Quite an incisive series of posts. Historically, I think this split between "follow the law" and "do the just thing" has happened before, as witnessed by the historical split between "law" and "equity". I think there is a place for both approaches. Inflexible law is good in most cases, as the law is generally quite just. But where it isn't, perhaps equity may be necessary to avoid revolution / grumbling / diminution of respect for the law.
4.13.2009 11:20pm
Anderson (mail):
To be clear, I am not making a normative argument here as to which approach is better

No, just a normative *assumption*. ;)

Then again, perhaps the lesson of Pierre (besides: [1] don't try to kill your girlfriend, &[2] if you do, then don't drink acid afterwards) is that I'm mistaken on the law &the facts, &the 3d Circuit did get it right.
4.13.2009 11:33pm
einhverfr (mail) (www):
RPT:

It also appears as the difference between Old Testament and New Testament theology which may influence the reported opinions.

In he original survey, I said my politics were "other." From your comments, I see I was more right than I thought. After all, I am a pagan.....
4.14.2009 12:12am
Dilan Esper (mail) (www):
I don't buy this at all. In the 11th amendment context, the liberals care about text and the conservatives want to enact personal preferences. Same with the war powers cases during the bush administration.

The reason the result here came out the way prof. Kerr wanted was because he picked a 'liberal' example. It is pure selection bias.
4.14.2009 12:18am
OrinKerr:
Dilan,

Your comment seems a bit aggressive: I lead with the political explanation, so obviously I am acknowledging the political effect. The question is whether there is more to it than that, which is of course hard to know; Based on my experience, I suspect there is, while you appear to have complete certainty that there is not.

How about this: I'll look for an equivalent case with the politics reversed, and we will do another poll and see how the numbers break down. Deal?
4.14.2009 12:26am
David M. Nieporent (www):
I don't buy this at all. In the 11th amendment context, the liberals care about text and the conservatives want to enact personal preferences.
If by "personal preferences" you mean "following a precedent that has stood for 120 years," then yes.
4.14.2009 12:48am
Dan Simon (mail) (www):
Your argument, Orin, would make perfect sense if it were clear that both liberals and conservatives, in the absence of clear guidance from the law, would conclude that justice is on Pierre's side. But if--as I think is the case--liberals are inclined to side with Pierre as a matter of justice, but conservatives are inclined to side against him, then both sides are in effect following their convictions, and neither is demonstrably giving more weight to the letter of the law than the other.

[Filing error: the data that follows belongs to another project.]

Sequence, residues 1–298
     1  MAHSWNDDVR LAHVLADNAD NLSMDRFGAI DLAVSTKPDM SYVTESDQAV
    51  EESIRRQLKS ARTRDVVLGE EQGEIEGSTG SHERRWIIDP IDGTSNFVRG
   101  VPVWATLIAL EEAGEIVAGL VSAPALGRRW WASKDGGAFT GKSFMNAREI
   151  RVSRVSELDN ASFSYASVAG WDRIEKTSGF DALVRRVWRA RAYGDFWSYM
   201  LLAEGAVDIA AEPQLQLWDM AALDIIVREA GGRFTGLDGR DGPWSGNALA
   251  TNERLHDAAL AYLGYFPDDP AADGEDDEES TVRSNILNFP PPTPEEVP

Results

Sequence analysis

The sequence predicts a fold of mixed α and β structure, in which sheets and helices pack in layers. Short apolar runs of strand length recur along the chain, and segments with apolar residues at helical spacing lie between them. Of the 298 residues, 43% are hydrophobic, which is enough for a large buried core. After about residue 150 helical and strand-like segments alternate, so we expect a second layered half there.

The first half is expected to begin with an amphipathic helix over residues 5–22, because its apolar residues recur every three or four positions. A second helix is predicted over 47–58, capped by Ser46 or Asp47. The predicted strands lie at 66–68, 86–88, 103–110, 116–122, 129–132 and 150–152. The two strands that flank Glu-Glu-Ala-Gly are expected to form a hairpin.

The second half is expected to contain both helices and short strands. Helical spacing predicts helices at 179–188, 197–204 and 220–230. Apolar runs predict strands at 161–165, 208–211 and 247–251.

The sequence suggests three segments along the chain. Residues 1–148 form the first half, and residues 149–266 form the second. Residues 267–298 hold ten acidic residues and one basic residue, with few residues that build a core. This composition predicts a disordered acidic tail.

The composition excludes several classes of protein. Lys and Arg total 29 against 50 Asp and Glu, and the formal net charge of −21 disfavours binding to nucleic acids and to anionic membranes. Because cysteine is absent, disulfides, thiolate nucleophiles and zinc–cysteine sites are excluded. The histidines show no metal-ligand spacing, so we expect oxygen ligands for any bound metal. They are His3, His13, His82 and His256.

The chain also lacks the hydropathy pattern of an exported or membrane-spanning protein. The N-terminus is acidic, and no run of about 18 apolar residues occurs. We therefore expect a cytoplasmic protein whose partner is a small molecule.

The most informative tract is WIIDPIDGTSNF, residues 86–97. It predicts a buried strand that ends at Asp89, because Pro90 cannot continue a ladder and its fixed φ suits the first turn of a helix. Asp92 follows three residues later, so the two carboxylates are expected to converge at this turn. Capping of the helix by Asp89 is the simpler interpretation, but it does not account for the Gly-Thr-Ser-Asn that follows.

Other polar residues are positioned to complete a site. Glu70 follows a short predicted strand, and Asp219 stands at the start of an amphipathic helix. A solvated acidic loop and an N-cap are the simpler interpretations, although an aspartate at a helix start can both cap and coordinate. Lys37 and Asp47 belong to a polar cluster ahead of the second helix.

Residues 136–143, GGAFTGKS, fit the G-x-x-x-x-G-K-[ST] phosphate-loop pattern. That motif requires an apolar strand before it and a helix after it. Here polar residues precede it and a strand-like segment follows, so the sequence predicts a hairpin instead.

In fact, my sense is that liberals are generally quite happy to support strict adherence to the letter of the law when it suits them, and that most conservatives are not above placing their hearts above their heads when it's convenient to do so. As in constitutional law, where legal principle is mere rhetorical ammunition for ideological warfare, so, too, in individual judicial rulings.

And while I'm at it, I'll go even further, and assert that so-called ideology is usually nothing more than a cover for a loose, complex form of identity politics. For example, liberals these days look at a case like Pierre, which involves an immigrant threatened with deportation, think, "my sort of people", and vote accordingly, deftly blocking out the unpleasant aspects of that vote (Pierre's culpability). Likewise, conservatives looking at this case see a law-and-order judge sentencing a criminal, think, "my sort of people", and vote the other way, ignoring the ugly consequences of their vote (Pierre's certain death).

Suppose, for instance, that you'd changed the characters around a bit--say, made Pierre a heartland American with a religious Christian family fighting to keep him alive in prison. I'd bet that you'd have switched more than a few votes in the process, on both sides. Don't you?
4.14.2009 1:49am
David Welker (www):

To be clear, I am not making a normative argument here as to which approach is better: I am just suggesting that there tends to be difference in how different people view the role of a judge.

Of course, all of this presumes the usual politics aren't reversed. For example, with the NSA surveillance and torture issues in the Bush year, we had a reversal of the usual political polarity and therefore a reversal of the usual arguments.


I for one think you are on to something here. I am not claiming to be neutral, obviously.
4.14.2009 2:25am
trad and anon (mail):
The highest profile legal debates in the last 50 years focused on whether the Supreme Court should reject then-existing precedents and constitutionalize political developments popular on the left but generally unpopular on the right.
I think you mean the last 55 years.
4.14.2009 2:28am
Hervé (mail):
Professor Kerr, might I suggest starting another poll on a case in which strictly following the law would result in the more forgiving option?

For instance, a Mexican illegal immigrant crosses the border and rapes a Texan girl. During the trial, however, a doubt appears as to whether they actually loved each others in secret, and the complaint might have been motivated by the father forcing his daughter to claim it was a rape.